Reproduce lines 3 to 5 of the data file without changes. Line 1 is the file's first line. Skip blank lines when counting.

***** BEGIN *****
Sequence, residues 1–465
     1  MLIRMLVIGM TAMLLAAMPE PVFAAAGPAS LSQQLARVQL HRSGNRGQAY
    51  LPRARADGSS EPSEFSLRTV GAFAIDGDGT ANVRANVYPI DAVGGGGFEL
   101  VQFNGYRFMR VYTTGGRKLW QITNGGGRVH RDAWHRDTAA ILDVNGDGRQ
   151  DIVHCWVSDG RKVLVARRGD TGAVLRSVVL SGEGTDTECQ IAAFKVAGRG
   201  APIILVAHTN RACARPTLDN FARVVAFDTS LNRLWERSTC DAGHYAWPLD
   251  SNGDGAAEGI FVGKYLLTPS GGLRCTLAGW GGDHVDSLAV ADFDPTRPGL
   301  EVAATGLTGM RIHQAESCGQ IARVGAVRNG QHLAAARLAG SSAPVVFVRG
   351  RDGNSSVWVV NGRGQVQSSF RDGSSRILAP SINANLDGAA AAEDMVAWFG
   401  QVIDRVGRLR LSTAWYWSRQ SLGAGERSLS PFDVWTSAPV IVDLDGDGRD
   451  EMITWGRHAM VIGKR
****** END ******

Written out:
    51  LPRARADGSS EPSEFSLRTV GAFAIDGDGT ANVRANVYPI DAVGGGGFEL
   101  VQFNGYRFMR VYTTGGRKLW QITNGGGRVH RDAWHRDTAA ILDVNGDGRQ
   151  DIVHCWVSDG RKVLVARRGD TGAVLRSVVL SGEGTDTECQ IAAFKVAGRG